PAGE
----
Reclaiming Universalism: Ontology and World Politics

Open to the Public
Nador u. 9, Faculty Tower
room 309
Wednesday, October 16, 2013 - 3:30pm
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Wednesday, October 16, 2013 - 3:30pm to 5:10pm

The lecture presents a new approach to political universalism, grounded in the reinterpretation of world politics from an ontological perspective. In the discipline of International Relations the concept of world politics remains ambivalent, functioning both as a synonym of international relations and their antonym, referring to the aspirations for the overcoming of interstate pluralism in favour of a universalist politics of the global community or the world state. Rather than distinguish ‘world politics’ from ‘international politics’ by its site, level or issues, I interpret it as another 'kind' of politics. This reinterpretation proceeds through rethinking the concept of the world ontologically and deriving the entire content of politics from the this concept. Drawing on Martin Heidegger’s account of world disclosure and Alain Badiou’s phenomenology of worlds, I propose to redefine world politics as a practice of the affirmation of universal axioms across an infinite plurality of particular situations or ‘worlds’. Such familiar principles as community, equality and freedom may then be redefined in ontological terms as attributes of pure being, subtracted from all positive determinations and therefore valid in any world whatsoever.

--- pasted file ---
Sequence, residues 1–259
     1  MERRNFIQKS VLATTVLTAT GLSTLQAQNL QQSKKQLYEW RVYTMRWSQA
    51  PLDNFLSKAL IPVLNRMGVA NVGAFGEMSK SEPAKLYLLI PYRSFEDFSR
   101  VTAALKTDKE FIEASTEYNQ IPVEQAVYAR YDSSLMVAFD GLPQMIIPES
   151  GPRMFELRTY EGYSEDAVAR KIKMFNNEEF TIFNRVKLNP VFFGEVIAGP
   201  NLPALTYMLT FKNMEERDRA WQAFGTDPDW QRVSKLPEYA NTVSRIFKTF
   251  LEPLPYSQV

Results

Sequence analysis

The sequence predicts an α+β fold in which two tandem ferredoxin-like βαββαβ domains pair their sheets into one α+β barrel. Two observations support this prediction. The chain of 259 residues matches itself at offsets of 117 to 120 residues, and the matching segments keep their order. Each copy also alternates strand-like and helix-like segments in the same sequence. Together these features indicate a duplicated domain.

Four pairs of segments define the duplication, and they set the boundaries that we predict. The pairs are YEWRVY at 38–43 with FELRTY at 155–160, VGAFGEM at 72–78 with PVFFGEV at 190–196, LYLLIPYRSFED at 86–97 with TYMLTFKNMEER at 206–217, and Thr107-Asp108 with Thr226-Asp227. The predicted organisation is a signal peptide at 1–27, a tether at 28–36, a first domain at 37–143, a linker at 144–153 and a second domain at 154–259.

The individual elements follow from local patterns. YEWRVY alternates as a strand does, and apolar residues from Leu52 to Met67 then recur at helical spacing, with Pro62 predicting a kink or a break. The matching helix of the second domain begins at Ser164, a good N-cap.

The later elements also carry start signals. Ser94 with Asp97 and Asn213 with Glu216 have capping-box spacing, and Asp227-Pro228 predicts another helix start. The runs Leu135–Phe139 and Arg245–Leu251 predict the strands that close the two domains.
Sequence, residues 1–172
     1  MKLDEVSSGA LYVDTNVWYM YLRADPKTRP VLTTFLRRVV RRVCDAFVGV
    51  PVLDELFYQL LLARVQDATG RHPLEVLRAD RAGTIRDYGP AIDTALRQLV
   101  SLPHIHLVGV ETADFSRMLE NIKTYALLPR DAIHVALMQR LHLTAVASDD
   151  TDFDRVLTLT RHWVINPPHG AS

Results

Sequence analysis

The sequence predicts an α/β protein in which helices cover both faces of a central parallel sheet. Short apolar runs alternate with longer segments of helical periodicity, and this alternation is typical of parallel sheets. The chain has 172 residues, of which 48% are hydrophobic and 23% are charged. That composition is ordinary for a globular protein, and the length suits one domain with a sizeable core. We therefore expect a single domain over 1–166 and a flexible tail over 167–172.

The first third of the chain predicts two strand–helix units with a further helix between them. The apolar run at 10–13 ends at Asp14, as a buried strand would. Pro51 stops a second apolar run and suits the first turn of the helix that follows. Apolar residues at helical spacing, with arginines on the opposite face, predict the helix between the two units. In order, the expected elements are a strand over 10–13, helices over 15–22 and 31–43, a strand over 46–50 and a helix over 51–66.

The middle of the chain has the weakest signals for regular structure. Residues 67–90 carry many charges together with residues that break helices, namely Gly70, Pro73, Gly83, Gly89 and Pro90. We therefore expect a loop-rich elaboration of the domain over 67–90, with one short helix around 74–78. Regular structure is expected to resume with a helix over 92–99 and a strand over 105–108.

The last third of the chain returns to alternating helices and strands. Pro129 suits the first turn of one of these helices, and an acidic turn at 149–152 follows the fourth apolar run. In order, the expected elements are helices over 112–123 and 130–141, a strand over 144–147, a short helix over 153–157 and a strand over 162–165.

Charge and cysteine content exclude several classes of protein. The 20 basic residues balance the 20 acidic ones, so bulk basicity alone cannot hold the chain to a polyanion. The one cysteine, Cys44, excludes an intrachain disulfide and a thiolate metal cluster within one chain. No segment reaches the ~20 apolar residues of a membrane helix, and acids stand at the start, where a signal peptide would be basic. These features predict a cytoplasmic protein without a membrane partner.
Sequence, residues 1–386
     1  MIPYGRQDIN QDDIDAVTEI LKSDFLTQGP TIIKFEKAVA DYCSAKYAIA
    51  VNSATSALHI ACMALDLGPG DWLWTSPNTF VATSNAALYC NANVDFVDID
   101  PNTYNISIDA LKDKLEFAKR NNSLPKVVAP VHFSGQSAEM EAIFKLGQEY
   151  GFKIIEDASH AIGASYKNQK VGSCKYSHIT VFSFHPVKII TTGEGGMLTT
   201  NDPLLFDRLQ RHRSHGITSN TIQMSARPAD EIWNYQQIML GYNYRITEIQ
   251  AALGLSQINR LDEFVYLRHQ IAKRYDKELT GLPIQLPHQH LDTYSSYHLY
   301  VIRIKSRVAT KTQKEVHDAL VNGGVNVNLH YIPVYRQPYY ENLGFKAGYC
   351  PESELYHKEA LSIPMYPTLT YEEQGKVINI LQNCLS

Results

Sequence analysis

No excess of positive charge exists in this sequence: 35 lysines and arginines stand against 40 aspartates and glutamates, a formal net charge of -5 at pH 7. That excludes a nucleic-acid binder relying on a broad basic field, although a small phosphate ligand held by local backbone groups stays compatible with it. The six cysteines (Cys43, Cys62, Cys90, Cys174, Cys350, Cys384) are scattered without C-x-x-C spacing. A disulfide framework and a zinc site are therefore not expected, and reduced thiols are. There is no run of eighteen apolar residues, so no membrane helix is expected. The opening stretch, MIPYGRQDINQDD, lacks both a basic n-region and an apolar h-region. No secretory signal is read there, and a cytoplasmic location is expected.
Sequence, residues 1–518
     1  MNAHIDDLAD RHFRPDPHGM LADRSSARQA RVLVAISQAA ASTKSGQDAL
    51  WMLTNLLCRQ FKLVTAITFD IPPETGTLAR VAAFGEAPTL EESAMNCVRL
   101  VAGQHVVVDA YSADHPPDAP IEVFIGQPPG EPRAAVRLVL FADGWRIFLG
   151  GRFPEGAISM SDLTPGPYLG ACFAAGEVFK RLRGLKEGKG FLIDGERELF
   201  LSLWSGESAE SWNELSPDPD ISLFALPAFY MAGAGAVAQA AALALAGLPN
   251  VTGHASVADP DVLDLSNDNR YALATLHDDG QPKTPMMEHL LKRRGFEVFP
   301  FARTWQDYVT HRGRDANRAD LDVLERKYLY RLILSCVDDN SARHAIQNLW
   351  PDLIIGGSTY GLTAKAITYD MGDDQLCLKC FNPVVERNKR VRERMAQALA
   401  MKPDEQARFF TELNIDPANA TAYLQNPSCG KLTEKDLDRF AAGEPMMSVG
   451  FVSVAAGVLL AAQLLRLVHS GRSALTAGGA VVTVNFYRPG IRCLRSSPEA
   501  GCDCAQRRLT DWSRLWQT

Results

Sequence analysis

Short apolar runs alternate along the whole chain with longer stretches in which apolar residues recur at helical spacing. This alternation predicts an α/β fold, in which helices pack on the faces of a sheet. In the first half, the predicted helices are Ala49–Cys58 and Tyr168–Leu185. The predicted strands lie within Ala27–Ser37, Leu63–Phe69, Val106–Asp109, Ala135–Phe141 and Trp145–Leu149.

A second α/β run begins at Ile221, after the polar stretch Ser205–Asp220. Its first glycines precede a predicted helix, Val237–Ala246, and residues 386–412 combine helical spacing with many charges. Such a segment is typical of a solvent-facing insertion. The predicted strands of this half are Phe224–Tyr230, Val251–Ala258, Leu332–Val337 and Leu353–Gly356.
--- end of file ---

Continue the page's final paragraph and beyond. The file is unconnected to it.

Sergei Prozorov is University Lecturer in World Politics and Academy of Finland Research Fellow at the Department of Political and Economic Studies, University of Helsinki. He is the author of six monographs, the most recent being Ontology and World Politics: Void Universalism I (Routledge, 2013) and Theory of the Political Subject: Void Universalism II (Routledge, 2013). He has also published numerous articles on political philosophy and international relations in Theory, Culture and Society, Philosophy and Social Criticism, Continental Philosophy Review, Political Geography, Political Studies, Millennium, International Theory and other journals. His research interests include continental political philosophy, materialism, biopolitics and totalitarianism.